[img=http://plan-b.smugmug.com/Family/Fishing-Journal/i-qmPLR6z/0/L/IMG_0753-L.jpg]

Is that the one you lost and snagged months down the road.

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Was only in the water a week.

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I hope that baby went through the ultrasonic

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I was brand new, no US cleaning necessary.  A little Dawn, and some elbow grease was all it took to make it better than new.

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I just started ripping my reels apart this winter for the first time. For those who don't already do it and want to, just be organized and don't cut corners. Take pictures if you have to help yourself remember and use your schematics. I'm really enjoying taking my stuff apart and cleaning them thoroughly, and at the same time realizing there is a great NEED for it too.  Mike from DVT, JFrancho  and a few other have helped me through the course of doing some of my stuff, lending tips to help the process. 

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I was brand new, no US cleaning necessary.  A little Dawn, and some elbow grease was all it took to make it better than new.

 All I can say is that reel operates "as smooth as a kitties ear"........

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That is the reel you played with.  I forgot that it was the lefty that I put the Hawgtech handle on.  I actually have three Chronarchs, and other than the fact that two are righty, and one is lefty, you'd be hard pressed to tell which spent some time in the drink!

 

IMG_0615-L.jpg

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This might be covered else where, and I'll dig deeper, but does anyone have a good video or instruction sheet on how to properly polish using a Dremel. I think I am either way to timid with mine, or I am not doing it right. I get a nice smooth shiny surface, but I don't seem to remove all the blemishes. 

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Blemishes?  Where are there "blemishes?"  Sounds like something is worn past it's useful life, or you are looking too closely for defects.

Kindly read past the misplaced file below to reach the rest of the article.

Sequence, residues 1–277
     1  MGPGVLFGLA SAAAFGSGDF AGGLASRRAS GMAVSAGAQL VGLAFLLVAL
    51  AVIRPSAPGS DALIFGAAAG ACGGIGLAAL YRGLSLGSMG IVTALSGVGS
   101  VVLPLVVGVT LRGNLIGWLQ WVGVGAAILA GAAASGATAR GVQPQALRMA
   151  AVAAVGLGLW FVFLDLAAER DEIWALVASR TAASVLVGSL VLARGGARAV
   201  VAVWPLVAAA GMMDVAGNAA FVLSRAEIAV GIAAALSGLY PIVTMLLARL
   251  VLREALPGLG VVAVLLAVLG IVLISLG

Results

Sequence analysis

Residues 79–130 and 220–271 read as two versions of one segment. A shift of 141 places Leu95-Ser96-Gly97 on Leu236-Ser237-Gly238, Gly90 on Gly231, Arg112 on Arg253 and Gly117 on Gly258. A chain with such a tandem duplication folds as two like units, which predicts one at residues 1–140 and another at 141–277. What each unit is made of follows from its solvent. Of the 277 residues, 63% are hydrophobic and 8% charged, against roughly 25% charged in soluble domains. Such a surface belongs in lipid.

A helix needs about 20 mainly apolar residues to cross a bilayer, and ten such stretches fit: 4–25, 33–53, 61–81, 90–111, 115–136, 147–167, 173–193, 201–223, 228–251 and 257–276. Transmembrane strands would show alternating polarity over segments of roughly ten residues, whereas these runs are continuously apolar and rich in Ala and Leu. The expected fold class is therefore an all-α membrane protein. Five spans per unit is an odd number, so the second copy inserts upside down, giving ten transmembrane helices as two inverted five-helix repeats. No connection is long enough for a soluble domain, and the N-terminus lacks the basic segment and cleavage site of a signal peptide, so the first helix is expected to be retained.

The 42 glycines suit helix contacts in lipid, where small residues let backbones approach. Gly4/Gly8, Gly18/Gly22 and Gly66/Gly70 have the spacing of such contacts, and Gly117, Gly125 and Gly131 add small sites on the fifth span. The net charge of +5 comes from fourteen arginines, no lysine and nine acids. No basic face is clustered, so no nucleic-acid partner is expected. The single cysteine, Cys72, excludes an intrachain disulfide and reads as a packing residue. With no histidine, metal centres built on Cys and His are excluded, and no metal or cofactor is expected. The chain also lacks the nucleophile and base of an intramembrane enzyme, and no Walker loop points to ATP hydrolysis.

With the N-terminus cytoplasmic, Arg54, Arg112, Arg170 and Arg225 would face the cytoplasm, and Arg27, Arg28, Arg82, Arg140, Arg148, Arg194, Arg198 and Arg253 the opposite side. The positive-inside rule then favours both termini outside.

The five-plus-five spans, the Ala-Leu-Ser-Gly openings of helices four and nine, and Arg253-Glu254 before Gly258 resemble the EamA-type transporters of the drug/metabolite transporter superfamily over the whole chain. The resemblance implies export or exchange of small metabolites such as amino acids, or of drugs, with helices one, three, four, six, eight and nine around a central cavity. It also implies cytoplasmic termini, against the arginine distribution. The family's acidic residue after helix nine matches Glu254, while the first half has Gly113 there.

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Blemishes?  Where are there "blemishes?"  Sounds like something is worn past it's useful life, or you are looking too closely for defects. 

The reels are 1 or 2 season old. I'm specifically referring to the main gear that the drag washers sit in. It looks like a combo of the fiber washer and grease that makes a dark spot onto the gear itself. Not sure how crucial it is to get these cleaned up but from what ive read or seen, most guys have them sparkly clean.

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For that, I would use something more abrasive, but not enough to scratch he soft brass. A soak in something like Perfect Solution (http://www.perfectsolutioncleaner.com/) might even loosen up the grime.  Whenever I see that junk in a reel, I replace the soft washers with Carbontex.  No need to polish metal washers, as the Carbontex seat themselves, and create a "bed" in the metal after a short break in term.

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For that, I would use something more abrasive, but not enough to scratch he soft brass. A soak in something like Perfect Solution (http://www.perfectsolutioncleaner.com/) might even loosen up the grime.  Whenever I see that junk in a reel, I replace the soft washers with Carbontex.  No need to polish metal washers, as the Carbontex seat themselves, and create a "bed" in the metal after a short break in term.

Thanks

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For that, I would use something more abrasive, but not enough to scratch he soft brass. A soak in something like Perfect Solution (http://www.perfectsolutioncleaner.com/) might even loosen up the grime.  Whenever I see that junk in a reel, I replace the soft washers with Carbontex.  No need to polish metal washers, as the Carbontex seat themselves, and create a "bed" in the metal after a short break in term.

No need to polish the drag cup in the drive gear, or the metal drag washers as stated.

Upgrade if possible to carbontex as stated they will reseat the cup but the dark stains will never fully disapear.. :Victory:

 

Tight Lines!  :fishing1: